Club and Stadium Report: FC Internationale Berlin 1980

For the first time since starting this blog, I have decided to delve even deeper in to the Berlin league pyramid and on Saturday, I had the pleasure of sitting in sunny Schoeneberg and taking in a Landesliga clash between FC Internationale and Mariendorfer SV. The home side won 4-1 in what was a surprisingly high tempo and free flowing affair. Here is the profile of their club and stadium.

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The History

Formed in 1980, FC Internationale was set up initially as a statement against the growing commercialization of football in Berlin and Germany as a whole and were founded on the principles of playing for sportsmanship and fun. Since this date, the first team have floated between the Kreisliga, Bezirkliga and most recently the Landesliga, in which they currently compete. The club have 900 members from more than 38 nations, a make up that truly reflects their name. Finally, they are also known for taking a tough stand against racism and recently combined their anti-commercial principles with their anti-racist stance when they waived their shirt sponsorship in favour of the simple slogan of “No Racism”. In 2013, they won the Integration Prize from the DFB and this is a true honour and a testament to the hard work put in by those behind the scenes.

Another article that delves slightly deeper in to the founding principles and the focus on inclusivity can be found here  http://bundesligafootball.co.uk/2013/02/a-tale-of-a-football-friendship/. This article was written by Felix at Groundhopping etc. (www.facebook.com/groundhoppingetc).

 

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The Stadium

Although the club have 2 stadiums, the 1st team games usually take place at the Monumentenstrasse Sportplatz in Berlin’s Schoeneberg district. Quite a simple affair, the ground has 1 side of terracing, including a few seats and then the rest is mostly just lined with grass. One thing to add of note was the quality of the pitch which was at a very high standard. There is also an artificial pitch that backs on the main stadium and is used during the bitter, Berlin winter.

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The Way

Take the S1 train in the direction of Potsdam to Julius Leber Bruecke. Exit the station to your left and turn on to Czeminskistrasse, walk for 450m and turn right on the Monumentenstrasse, the stadium is on your right hand side.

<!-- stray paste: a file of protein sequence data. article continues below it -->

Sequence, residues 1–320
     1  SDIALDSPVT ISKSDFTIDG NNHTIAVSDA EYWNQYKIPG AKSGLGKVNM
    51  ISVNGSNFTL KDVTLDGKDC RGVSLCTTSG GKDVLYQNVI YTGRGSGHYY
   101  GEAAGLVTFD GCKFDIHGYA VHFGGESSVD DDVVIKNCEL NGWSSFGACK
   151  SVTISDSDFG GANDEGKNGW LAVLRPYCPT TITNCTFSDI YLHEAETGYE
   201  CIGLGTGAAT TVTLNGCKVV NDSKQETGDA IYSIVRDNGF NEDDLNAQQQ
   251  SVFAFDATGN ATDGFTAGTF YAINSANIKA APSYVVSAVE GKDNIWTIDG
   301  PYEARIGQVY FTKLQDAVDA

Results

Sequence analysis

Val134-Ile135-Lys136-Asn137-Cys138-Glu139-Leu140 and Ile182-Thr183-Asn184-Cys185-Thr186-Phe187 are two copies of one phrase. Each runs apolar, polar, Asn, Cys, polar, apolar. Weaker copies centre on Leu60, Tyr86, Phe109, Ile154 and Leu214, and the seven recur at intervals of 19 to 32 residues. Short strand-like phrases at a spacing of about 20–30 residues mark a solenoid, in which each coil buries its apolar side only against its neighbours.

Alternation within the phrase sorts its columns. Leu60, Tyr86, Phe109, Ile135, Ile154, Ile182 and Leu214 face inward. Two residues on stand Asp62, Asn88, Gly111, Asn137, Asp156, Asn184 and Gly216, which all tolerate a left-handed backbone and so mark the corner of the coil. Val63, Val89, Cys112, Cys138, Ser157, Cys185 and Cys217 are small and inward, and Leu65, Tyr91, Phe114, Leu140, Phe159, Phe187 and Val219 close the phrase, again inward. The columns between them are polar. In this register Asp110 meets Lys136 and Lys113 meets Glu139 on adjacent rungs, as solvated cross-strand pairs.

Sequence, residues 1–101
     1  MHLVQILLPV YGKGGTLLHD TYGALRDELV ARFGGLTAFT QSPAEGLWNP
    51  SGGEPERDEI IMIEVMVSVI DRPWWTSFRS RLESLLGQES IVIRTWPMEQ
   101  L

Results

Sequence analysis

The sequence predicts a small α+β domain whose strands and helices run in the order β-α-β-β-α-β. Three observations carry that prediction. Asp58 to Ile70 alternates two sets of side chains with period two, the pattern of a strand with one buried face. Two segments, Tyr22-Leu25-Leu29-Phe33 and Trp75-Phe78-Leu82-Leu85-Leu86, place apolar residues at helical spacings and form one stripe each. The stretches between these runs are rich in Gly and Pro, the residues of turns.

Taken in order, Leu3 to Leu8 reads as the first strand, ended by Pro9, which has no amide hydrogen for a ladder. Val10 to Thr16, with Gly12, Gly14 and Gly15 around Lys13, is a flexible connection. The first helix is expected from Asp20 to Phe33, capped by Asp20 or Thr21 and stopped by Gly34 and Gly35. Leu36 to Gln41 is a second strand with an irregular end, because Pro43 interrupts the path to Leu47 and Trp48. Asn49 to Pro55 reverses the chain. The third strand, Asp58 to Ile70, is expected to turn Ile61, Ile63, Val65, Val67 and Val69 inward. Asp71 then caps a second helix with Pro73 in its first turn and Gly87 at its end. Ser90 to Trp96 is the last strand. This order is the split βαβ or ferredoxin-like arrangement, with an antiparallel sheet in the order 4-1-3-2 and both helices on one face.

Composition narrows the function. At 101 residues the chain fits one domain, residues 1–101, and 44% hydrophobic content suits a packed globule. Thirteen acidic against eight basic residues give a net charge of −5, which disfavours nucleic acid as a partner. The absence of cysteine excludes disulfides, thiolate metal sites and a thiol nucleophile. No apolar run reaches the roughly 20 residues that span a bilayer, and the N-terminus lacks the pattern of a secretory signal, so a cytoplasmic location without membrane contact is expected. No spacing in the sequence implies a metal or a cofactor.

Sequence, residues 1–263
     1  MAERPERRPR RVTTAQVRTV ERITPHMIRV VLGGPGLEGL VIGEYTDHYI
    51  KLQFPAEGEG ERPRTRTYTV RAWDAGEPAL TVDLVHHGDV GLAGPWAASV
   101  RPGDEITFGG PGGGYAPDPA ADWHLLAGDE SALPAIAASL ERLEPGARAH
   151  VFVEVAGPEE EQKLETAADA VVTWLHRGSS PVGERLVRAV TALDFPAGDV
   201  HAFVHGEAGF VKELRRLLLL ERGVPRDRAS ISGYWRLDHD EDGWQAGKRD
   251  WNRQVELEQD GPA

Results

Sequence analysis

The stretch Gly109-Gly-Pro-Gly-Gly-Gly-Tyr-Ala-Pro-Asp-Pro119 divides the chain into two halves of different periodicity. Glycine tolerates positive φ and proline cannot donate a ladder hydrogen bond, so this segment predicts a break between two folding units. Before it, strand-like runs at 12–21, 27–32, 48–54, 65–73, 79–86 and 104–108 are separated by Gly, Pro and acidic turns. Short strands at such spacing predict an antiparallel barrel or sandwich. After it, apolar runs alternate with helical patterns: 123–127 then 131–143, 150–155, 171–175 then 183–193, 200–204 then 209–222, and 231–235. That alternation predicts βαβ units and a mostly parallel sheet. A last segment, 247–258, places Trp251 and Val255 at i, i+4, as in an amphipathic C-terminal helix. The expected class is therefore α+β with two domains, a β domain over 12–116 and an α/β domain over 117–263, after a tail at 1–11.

The Food

Good selection of meat on the grill including Bratwurst (€1.50), Sujuk (€1.50) and Steaks. I had a Bratwurst and it fell very much in to the generic Stadionwurst category. Good, necesscary but nothing special.

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The Beer
€1.50 for 0.3l of Veltins or €2 for 0.4l. This seemed to depend largely on what cups they had left as to which you would be charged upon placing your order.

The Tax

€5 for full paying adults, €3 for everybody else

Photos included are courtesy of Ian at No Dice Magazine (www.nodicemagazine.com and http://www.facebook.com/nodicemagazine) and Felix at Groundhopping etc. (www.facebook.com/groundhoppingetc)

Club and Stadium Report: Tennis Borussia Berlin

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Following yesterdays profile on 1.FC Union, I thought it was only fair to give my other love in this city the long overdue profile that they deserve. If you are one of the 14 people who read this blog regularly or you know me personally, you’ll be aware that I love Tennis Borussia Berlin, like really fucking love them. This is a club that has genuinely made my life in Berlin even more enjoyable than it already was. It is a club where I have met some of the coolest and nicest people I know, a club which has given me both the coldest and the wettest football matches I’ve ever experienced (Turkyemispor at home, SCC Charlottenburg at home), a club where the fans dedication and passion to some pretty dire football is unique and a club that has given me an excuse to explore the deepest recesses of Brandenburg for some pre-season friendlies. The openness and welcoming nature of the support is second to none and I personally find it physically impossible not to enjoy myself at the Mommsenstadion or when travelling around the other grounds in the city with TeBe. So, here is the extremely biased profile of by far the greatest team, Berlin has ever seen…. LILA-WEISSE!!!!!!

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The History

This may seem like a bit of a cop out for the 2nd day running but when there is such a good history, auf Englisch, already written on the website, I think it is slightly pointless for me with all of my 1 years of knowledge to try and explain to you the history of a club who have been in existence for more than a century. If anybody knows who wrote this history, please let me know so they can be credited as it is a truly fantastic and concise piece of work.

A link to this can be found below.

http://www.tebe.de/history.html

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The Stadium

The Mommsenstadion is an odd one. Massive for its league, it does unfortunately seem very empty on even the busiest of match days. The stadium holds 15,000 people (11,500 according to the Fussballmafia), 1800 of which are in the rather grand looking old seated tribune. With attendances currently sitting at between 200 and 400 (by far the highest in the 6th tier) on a weekly basis, it doesn’t take a seasoned Groundhopper to work out just how desolate and soulless that can look.